Walmart is the largest retailer and largest private employer in the world and is emblematic of the polarization of wealth and poverty in our economy. Far too many Walmart workers continue to live in poverty and rely on public programs like food stamps to survive, while Walmart raked in $16 billion per year in profits in 2014.((“Annual Financials for Wal-Mart Stores Inc.,” Market Watch, October 27, 2015.)) Walmart workers, like most of the world’s employed and unemployed workforce, are dispossessed: They have no property ownership of the workplaces and major corporations. They are therefore compelled to seek employment wherever they can find it to attain enough income to purchase at least a bare life existence for them and their families. The Waltons, as with all other business owners, are compelled by the current economic system to hire in a way that maximizes returns on their investments. In other words, this economic system requires the constant drive for the highest profits – profits that can only be sustained by way of minimizing the cost of production and exchange. Ultimately, this means hiring laborers who are compelled to either work for less pay or face unemployment.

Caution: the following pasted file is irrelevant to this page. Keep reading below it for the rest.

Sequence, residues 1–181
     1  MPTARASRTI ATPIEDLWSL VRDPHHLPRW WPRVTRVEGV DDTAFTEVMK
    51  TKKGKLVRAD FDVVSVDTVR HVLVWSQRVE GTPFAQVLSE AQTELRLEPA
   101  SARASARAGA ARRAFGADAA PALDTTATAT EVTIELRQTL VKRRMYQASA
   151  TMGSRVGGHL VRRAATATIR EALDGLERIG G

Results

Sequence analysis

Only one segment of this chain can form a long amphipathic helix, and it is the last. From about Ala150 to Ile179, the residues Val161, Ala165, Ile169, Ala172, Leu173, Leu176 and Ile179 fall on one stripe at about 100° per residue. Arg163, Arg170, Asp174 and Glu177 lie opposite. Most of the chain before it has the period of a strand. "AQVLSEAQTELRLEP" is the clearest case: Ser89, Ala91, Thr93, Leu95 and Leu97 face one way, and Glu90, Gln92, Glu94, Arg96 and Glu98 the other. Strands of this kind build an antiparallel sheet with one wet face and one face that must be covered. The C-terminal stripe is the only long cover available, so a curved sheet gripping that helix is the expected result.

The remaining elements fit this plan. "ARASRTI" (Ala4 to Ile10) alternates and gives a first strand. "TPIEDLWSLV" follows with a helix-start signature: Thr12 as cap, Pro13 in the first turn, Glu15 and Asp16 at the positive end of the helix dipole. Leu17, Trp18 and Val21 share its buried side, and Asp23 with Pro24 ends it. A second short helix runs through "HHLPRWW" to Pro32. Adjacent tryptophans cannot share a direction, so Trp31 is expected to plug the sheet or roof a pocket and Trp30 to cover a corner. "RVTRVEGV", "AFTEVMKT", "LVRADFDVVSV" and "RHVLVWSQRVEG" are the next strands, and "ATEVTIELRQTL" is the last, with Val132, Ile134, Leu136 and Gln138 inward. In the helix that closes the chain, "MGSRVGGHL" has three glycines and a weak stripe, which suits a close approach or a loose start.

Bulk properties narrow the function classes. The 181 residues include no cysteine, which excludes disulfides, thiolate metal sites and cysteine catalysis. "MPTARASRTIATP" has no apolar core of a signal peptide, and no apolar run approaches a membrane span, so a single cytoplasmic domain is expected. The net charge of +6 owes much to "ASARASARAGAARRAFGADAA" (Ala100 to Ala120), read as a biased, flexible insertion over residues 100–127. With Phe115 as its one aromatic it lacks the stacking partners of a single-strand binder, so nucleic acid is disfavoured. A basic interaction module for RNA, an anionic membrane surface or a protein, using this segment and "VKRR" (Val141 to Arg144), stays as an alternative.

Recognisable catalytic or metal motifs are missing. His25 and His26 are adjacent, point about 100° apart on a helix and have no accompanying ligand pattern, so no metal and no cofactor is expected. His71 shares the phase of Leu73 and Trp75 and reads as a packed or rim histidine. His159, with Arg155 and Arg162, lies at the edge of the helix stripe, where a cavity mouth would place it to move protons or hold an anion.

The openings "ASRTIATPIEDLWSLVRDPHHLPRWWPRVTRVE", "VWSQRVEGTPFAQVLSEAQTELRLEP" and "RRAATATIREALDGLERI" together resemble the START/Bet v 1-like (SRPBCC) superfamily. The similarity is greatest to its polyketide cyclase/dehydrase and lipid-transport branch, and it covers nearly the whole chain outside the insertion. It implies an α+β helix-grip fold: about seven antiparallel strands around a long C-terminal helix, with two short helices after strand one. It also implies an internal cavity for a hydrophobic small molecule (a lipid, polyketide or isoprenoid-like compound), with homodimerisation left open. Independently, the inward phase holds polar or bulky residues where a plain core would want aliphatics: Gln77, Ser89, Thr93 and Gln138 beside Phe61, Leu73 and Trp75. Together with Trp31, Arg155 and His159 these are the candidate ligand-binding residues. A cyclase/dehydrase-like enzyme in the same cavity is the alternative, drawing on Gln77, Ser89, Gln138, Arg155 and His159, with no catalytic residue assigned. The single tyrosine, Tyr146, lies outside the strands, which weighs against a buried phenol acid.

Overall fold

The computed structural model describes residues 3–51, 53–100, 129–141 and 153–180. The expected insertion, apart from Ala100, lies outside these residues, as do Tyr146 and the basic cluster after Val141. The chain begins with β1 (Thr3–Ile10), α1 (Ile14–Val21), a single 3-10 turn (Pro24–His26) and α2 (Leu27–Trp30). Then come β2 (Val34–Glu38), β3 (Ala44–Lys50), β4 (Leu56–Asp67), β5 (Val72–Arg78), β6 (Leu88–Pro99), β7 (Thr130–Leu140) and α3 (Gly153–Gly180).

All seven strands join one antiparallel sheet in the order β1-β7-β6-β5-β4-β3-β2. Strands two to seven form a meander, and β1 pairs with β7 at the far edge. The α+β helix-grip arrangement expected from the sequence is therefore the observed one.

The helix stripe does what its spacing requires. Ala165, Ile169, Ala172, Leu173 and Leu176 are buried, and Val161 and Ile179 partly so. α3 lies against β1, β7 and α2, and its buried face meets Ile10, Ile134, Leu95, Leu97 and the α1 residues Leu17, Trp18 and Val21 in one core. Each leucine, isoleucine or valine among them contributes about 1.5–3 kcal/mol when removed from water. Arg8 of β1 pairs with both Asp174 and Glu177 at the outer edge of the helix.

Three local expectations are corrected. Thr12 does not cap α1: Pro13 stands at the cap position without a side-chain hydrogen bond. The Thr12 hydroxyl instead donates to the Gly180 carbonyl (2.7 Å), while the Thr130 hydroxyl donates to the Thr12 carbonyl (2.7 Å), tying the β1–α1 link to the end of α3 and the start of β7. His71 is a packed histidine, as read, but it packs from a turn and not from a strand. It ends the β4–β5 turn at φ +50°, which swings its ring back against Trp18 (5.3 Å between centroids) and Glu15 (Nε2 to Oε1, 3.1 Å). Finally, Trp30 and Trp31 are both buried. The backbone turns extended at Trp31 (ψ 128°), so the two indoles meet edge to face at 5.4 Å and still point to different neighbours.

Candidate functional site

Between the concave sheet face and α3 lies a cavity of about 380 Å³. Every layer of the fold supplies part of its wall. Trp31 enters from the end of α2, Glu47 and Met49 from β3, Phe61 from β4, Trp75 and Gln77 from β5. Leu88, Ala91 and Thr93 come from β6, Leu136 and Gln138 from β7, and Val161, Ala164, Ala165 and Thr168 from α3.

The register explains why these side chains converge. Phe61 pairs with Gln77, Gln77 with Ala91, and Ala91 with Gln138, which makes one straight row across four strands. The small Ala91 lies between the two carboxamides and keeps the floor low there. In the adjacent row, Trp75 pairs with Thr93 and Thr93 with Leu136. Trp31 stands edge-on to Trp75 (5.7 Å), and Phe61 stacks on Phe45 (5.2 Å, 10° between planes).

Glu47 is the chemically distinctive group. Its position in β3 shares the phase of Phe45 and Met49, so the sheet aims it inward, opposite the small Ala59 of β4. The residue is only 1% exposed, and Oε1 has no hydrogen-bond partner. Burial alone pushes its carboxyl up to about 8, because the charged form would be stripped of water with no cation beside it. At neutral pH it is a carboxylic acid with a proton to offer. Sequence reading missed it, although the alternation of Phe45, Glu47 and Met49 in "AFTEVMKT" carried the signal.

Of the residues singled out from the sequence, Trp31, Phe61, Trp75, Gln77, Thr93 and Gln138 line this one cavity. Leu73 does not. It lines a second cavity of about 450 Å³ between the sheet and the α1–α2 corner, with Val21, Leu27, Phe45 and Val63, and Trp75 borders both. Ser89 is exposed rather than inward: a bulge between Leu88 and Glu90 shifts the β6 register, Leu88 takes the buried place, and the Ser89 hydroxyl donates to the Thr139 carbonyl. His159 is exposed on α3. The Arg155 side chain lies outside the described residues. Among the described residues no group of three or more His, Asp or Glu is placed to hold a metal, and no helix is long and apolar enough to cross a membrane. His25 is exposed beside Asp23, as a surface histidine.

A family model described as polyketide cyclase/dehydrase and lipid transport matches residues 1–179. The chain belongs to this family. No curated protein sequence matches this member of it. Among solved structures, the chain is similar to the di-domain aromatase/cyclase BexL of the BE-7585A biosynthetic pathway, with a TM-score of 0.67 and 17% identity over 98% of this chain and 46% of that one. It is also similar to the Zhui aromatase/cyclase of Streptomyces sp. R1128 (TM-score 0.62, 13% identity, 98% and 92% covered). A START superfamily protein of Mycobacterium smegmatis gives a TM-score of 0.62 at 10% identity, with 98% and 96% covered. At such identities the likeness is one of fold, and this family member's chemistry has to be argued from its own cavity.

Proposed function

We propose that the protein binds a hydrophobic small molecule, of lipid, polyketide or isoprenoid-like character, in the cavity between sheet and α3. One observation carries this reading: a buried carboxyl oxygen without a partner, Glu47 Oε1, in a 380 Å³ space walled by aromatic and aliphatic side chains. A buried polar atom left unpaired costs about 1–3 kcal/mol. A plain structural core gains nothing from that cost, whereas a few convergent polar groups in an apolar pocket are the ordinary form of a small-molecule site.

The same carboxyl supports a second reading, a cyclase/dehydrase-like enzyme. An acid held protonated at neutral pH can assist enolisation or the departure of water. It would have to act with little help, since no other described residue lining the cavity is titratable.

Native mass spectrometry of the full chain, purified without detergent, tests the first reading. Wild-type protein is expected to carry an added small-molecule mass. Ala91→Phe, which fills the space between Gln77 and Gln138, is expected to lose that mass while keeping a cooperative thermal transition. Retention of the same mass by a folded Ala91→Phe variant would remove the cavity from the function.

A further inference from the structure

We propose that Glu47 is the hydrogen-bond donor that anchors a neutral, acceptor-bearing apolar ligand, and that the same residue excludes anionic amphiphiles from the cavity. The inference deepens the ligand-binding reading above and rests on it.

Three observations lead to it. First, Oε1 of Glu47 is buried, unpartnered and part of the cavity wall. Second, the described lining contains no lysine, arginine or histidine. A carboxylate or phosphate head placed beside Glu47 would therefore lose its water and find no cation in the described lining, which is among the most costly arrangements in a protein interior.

In history, the income discrepancy between the slaveholders and the slaves was due to the fact that the former owned the latter as property. In this super-exploitative relation, the slaves, of course, received no income except an inhumane allotment from the slave-owner of the worst housing, raggedy clothing, and minimal food. On the other hand, the slaveholders extracted super-profits out of which they received unsurpassed incomes. Similarly today, the income inequality that exists between the poor and the wealthy has its roots in questions of who owns property and how most people secure an income.

Race, Poverty, Automation

The struggle to abolish poverty and inequality nationally and globally cannot be solved separated from the struggle to end racial and gender oppression. Owing to the particular history of the United States of America, the doctrine of race, which has come to be embodied in the institutionalization of racism, plays a prominent role in obscuring the common relationship of the various sections of the poor and dispossessed to the economy and to wealth. This has the effect of thwarting their unity and organization, which could be built on the basis of their shared position in the economic inequality of the broader capitalistic system. This has resulted in a culture or mindset where, for instance, poor blacks believe that because of their skin color they have more in common with rich blacks than with poor whites and the poor whites believe that they have more in common with rich whites than the poor blacks. King spoke to this problem in his 1967 book, Where Do We Go from Here?: